About 100 years ago a retailing tycoon named John Wanamaker (older people might remember when they still had department stores) said: "Half of my advertising budget is wasted. The trouble is I can't figure out which half". Well he probably could in many cases, but after the fact, i.e. too late.

That's what I think about Al Gore's many dire predictions about climate, privacy, and this and that. I'm sure he's right on the money about a lot of them. The problem is, he has the kind of personality that is disposed to raise an alarm about almost anything. In Wall Street terms, he's bearish about the future of mankind.

Gore Campaign Contributions (4, Insightful)

CncRobot (2849261) | about a year ago | (#43134751)

When Bill Clinton was president he sold top secret ICBM technology to the Chinese in return for cash donations to the DNC, specifically his and Gore's election campaigns. This is fact. When asked about it during a debate between Gore and Bush, Gore's response was "No controlling legal authority" meaning that Janet Reno was the only one authorized to prosecute and she was told not to.

I really have a hard time listening to Gore, especially when it comes to campaign contributions. What he and Clinton did was treason, period, and he abused his power to not be prosecuted.

Re:Gore Campaign Contributions (0)

Anonymous Coward | about a year ago | (#43134871)

Hopefully they remember that technology as they face off with N. Korea. Either they should use it themselves or they should at least be more "on our side" in the stance against the great leader.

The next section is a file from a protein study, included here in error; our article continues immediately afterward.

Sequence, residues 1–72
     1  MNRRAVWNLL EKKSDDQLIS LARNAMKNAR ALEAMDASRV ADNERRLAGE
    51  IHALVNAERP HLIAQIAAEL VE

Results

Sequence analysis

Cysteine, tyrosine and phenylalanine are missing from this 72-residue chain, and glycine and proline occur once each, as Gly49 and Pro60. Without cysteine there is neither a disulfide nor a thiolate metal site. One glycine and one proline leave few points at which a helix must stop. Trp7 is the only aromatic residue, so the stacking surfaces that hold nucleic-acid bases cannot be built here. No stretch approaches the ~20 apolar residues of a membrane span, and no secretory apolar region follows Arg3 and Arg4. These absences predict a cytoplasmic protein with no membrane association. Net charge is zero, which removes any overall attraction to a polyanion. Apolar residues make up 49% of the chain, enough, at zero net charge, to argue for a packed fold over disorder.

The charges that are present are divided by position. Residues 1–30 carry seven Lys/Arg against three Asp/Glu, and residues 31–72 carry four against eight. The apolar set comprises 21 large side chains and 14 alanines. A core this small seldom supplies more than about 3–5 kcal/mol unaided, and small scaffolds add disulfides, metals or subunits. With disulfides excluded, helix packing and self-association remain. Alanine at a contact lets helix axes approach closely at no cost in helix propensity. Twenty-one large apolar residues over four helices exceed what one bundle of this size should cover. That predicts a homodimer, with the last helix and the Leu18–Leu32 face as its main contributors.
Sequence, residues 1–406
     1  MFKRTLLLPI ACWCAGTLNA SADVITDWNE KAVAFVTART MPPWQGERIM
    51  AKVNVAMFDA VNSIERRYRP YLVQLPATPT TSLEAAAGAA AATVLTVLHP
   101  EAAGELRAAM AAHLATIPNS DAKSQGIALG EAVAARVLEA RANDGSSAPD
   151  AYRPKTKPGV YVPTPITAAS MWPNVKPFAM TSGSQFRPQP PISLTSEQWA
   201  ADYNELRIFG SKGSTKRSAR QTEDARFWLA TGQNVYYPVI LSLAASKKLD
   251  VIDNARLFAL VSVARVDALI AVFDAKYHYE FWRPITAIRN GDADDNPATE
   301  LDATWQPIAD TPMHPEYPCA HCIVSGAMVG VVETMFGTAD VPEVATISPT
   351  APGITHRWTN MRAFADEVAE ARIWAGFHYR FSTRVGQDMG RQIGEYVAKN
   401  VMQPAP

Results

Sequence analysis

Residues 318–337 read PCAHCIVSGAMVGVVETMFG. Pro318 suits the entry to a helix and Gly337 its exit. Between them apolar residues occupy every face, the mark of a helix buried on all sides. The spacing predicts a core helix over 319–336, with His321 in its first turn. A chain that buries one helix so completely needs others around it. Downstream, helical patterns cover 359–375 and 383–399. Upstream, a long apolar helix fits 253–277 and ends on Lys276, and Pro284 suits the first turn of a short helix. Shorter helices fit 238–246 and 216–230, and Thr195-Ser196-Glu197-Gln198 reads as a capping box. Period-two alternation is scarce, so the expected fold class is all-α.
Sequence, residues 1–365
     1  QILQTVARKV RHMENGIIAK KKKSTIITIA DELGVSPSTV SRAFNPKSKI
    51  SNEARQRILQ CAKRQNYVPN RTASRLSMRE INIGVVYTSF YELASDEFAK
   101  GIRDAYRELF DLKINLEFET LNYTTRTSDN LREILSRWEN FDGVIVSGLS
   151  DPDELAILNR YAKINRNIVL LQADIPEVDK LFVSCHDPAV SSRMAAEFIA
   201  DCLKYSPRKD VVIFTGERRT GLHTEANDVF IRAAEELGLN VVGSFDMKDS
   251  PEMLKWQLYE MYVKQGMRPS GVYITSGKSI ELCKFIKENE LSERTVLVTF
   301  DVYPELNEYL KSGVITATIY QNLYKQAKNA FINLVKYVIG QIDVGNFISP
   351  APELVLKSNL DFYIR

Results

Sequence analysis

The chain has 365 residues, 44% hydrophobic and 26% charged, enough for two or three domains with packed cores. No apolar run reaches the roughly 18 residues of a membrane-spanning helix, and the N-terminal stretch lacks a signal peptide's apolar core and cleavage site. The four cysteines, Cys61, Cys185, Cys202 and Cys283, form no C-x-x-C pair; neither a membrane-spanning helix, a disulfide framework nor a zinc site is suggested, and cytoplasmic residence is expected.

Re:Gore Campaign Contributions (1)

Aighearach (97333) | about a year ago | (#43135241)

The Chinese actually stepped forward to help draft the latest sanctions because of their knowledge of N.Korean steps to evade them and what specific items they were trading in. China understands all too well that with N.K. making these nuclear threats against the US as soon as their missile tech improves to make them a threat the US has to strike first. China isn't about to let that happen. I wouldn't be surprised if China invaded N.K. at that point. They would lose a lot of face if the US has to nuke NK and they know it! And they wouldn't consider making an enemy of their biggest trade partner on behalf of an "ally" that never does what they're told.

Spider goats (4, Insightful)

Okian Warrior (537106) | about a year ago | (#43134765)

I used to own stock in the company that made spider goats.

When it was first announced I thought it was a great idea and would lead to a business producing a useful product. Spider silk is strong stuff which and would have many useful applications such as lightweight rope and lightweight body armor.

Although the goats made the spider silk proteins, the company never figured out the trick of making actual silk. Some process in the spinnerets of the spiders turns the proteins into silk, and the company was unable to reproduce this effect.

They sold off the IP for the process, and vanished into obscurity. I don't think anyone has figured out what the missing step was. (This was a couple of years ago - may have been solved since.)

I see nothing wrong with using animals in this way - as factories for producing useful products. The goats weren't mistreated (unlike chickens we raise for food). We do the same thing with other animals without the genetic engineering aspect - wool from sheep, for example.